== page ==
Adam Cogan sits down with Marcel de Vries and Terje Sandstrom to breakdown the Software Development process. They discuss:
- Evaluating the process
- Getting the latest and compiling
- Making instructions at the beginning of a project
- Using the best code analysis tool
- Looking at the architecture
- Reviewing the documentation
- Using the best code metrics tools
- The common design patterns
- This follows Rule: Do You Make Instructions at the Beginning of a Project and Improve them Gradually?
- NDepend – ndepend.com
- Metrics Numbers – https://geekswithblogs.net/terje/archive/2008/11/25/code-metrics—suggestions-for-appropriate-limits.aspx
- This follows Rule: Do You Look at the Architecture?
- This follows Rule: Do You Review the Documentation?
- [12:22] The reason for this is that many teams mis-use the concept of agility by stopping proper engineering practices. When you create a solution for a customer, you still need to think about the way you implement it! You can sketch out alternatives using diagrams & Powerpoints etc. to decide on the pros and cons. It’s just good engineering practice. You must decide up front what the purpose of the documentation is. Is it just for you to engineer the right solution, or is it for an actual documentation purpose that perhaps needs to be maintained over time so that it can be handed over to e.g. The party that is going to maintain the code later.
- Enterprise Architect from Australia is a great 3rd party tool for Architects: SparxSystems.com.au
- [22:12] Marcel used the case diagram he showed and used that for the code generation. The sequence diagram he showed was a throw away and was only used to engineer the solution. In this particular project they made a decision about which diagrams they would keep and maintain.
- This follows Rule: Do You Use the Best Tool to Run Code Metrics and Find Dodgy Code?
- A code review should not be one person’s opinion but something you agree on before you start
- This follows Rule: Do You Go Beyond a ‘Done’ and Follow a ‘Definition of Done’
- Code should be read like poetry
- You should add comments about decision you made in the code. Eg. Leaving out a lock statement, since that might trigger a developer later to add it just because he needs to rethink what you already decided. So every time you deviate from a common pattern document in the code, the reader will be able to know what you were thinking of.
- This follows Rule: Do You Know the Common Design Patterns?
- Look out for overuse of containers, dependency injection and reflection
- As a general rule, only add complexity when you need flexibility
- Don’t skim. Instead use the tools to drill into the bad code to look for more bad code. Remember bad code seems to attract more bad code
- Bad code attracts warnings
- Look for lots of setters since they indicate you are handing out your internals and you don’t know the constraints.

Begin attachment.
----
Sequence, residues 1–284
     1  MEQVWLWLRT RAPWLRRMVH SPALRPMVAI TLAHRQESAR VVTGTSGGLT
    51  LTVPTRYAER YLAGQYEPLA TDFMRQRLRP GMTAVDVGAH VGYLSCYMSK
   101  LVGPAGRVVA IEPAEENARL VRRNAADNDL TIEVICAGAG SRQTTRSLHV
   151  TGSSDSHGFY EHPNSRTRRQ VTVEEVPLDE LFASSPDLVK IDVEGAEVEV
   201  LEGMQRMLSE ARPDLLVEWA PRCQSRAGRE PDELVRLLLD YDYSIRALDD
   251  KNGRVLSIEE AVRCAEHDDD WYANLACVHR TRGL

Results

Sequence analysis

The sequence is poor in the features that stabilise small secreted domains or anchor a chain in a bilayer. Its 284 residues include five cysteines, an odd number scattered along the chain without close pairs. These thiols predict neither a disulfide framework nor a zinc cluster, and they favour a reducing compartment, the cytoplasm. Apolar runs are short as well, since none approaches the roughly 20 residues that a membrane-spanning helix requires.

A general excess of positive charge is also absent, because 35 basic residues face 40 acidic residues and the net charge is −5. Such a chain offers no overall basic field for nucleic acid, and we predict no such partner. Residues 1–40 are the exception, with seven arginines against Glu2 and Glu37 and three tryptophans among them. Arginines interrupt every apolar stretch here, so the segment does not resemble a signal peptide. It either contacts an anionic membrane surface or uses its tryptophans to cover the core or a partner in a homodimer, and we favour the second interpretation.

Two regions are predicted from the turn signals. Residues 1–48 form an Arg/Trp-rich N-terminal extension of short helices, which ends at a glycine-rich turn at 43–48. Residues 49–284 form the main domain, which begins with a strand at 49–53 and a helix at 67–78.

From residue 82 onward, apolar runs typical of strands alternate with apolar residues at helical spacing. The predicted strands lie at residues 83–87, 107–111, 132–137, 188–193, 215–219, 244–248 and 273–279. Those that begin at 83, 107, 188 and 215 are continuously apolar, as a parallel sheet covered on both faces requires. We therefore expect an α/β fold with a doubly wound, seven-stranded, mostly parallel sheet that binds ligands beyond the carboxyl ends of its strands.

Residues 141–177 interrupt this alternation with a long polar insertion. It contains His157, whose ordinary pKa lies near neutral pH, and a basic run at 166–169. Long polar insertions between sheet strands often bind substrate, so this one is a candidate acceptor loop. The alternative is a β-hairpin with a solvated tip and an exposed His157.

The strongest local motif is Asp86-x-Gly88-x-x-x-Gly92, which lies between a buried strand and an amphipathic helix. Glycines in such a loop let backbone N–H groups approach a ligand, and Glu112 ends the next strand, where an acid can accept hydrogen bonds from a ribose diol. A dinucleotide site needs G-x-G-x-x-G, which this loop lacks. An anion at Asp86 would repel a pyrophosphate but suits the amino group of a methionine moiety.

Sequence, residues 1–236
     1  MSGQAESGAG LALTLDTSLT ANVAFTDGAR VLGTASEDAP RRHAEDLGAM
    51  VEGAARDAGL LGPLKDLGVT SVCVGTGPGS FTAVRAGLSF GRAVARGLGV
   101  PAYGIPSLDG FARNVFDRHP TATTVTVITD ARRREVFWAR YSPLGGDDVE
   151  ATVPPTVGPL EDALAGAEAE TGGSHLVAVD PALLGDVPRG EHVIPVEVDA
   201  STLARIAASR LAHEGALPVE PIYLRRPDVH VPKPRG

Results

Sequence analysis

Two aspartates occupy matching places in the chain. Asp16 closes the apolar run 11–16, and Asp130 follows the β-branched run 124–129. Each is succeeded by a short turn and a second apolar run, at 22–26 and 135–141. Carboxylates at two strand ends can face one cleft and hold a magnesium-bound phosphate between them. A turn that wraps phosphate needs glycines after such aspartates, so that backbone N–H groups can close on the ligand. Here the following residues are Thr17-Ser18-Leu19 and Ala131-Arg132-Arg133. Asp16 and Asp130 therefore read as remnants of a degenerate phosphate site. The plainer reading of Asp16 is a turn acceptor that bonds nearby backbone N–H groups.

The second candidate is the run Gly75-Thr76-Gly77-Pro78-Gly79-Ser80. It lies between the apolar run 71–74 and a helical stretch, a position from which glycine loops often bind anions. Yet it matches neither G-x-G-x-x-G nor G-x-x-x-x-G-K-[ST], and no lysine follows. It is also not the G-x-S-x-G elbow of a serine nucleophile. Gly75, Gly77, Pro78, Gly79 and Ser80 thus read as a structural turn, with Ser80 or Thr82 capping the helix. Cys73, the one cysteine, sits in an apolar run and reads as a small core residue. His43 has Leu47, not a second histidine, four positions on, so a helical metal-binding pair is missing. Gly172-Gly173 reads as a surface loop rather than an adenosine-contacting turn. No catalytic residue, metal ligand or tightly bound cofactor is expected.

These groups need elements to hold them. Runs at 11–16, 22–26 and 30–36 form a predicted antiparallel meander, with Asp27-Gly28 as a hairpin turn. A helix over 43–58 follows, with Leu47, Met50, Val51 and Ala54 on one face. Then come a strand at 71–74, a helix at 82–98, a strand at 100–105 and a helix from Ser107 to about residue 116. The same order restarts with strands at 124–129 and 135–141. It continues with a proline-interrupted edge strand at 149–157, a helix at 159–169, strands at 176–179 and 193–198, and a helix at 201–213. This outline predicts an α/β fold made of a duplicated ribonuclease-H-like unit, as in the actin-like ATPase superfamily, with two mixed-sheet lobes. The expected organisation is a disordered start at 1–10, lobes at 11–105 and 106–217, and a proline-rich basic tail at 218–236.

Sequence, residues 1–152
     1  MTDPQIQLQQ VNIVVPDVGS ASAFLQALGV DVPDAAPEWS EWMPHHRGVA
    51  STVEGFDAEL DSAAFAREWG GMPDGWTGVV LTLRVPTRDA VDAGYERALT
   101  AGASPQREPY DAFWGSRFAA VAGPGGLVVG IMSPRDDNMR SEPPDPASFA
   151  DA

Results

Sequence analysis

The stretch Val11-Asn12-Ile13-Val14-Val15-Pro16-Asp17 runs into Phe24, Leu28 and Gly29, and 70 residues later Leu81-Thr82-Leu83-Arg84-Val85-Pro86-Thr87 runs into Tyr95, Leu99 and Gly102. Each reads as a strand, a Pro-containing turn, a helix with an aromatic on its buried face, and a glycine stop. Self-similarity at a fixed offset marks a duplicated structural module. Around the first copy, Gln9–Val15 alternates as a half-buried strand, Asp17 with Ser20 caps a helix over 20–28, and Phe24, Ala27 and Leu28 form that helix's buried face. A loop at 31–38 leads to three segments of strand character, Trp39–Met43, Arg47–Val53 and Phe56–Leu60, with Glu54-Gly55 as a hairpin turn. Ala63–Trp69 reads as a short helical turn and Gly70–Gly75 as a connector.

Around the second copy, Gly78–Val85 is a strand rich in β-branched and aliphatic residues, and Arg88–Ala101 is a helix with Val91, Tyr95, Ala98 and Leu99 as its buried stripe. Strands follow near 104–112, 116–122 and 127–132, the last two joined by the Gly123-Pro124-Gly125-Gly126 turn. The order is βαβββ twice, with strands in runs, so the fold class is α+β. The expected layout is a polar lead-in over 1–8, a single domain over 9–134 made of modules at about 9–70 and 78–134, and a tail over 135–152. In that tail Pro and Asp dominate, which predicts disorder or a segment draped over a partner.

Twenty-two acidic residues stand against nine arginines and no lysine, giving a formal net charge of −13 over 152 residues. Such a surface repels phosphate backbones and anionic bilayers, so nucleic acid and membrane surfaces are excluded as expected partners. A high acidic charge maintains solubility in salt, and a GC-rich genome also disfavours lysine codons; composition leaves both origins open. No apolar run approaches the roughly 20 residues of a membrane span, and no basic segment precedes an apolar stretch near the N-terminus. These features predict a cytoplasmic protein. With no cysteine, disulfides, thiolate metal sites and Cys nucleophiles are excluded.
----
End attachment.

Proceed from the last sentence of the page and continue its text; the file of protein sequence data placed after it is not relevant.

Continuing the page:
About the speakers
2 Sagacious Architects
Terje works as Chief Software Architect at InmetaCrayon in Norway, in the Consulting division. Most of his work is on advising developers, architects, project managers and testers, in larger companies. He is interested in all aspects of software development, even though coding principles are a favorite.
Terje have worked with professional and industrial design and development for far more years, than he want to remember, moving gradually from electronic design over to software design. He holds a M.Sc in Physics from the University in Oslo, graduating with a mixture of physics and informatics/software.
Terje has programmed in a lot of different languages, but is very fond of the object oriented ones, from his early exposure to Simula at the university. He is very interested in the theoretical aspects of programming languages, design patterns and everything that have a higher level of complexity. His interests goes into areas like databases, OLAP, UML, functional programming, graphics, 3D and more. He has still to learn there is probably a limit somewhere for how much it is possibly to do.
Terje has worked with Microsoft technology since the late 80's, and is familiar with a lot of the products made by Microsoft. He has been a Microsoft Visual Studio ALM MVP since 2008, and worked with the TFS family since the product appeared. Terje is running courses, seminars, workshops and speaks, not only at public events, but
a lot at internal company events for larger Norwegian companies. He is blogging actively at https://geekswithblogs.net/terje.
Marcel spends most of his time helping customers build enterprise systems based on Microsoft Technology. He has been working with Microsoft technology since he graduated in Computer Science in 1996. He started mainly with C/C++ and MFC.When Microsoft launched its new .NET platform in he immediately used it to write the first commercial application to go life in the Netherlands based on ASP.NET. Marcel writes articles and whitepapers on .NET, Application Lifecycle Management and Mobile solutions for MSDN, The Architecture journal and local magazines like Microsoft .NET magazine. Marcel is a frequent speaker at conferences like Microsoft TechDays, Visual Studio Live!, Microsoft Tech Ed and local user group events. Marcel is Technology Manager at Info Support and in his role he works as consultant in the Architect role for a variety of Financial and Insurance companies. He also teaches courses on topics like Visual Studio ALM, .NET , Mobile and Web development at the Info Support Knowledge Center.
He is writing actively at his blog.
“Less is more” is a popular concept in design and aesthetics, which suggests that simplicity and minimalism can be more effective and powerful than complexity and abundance.
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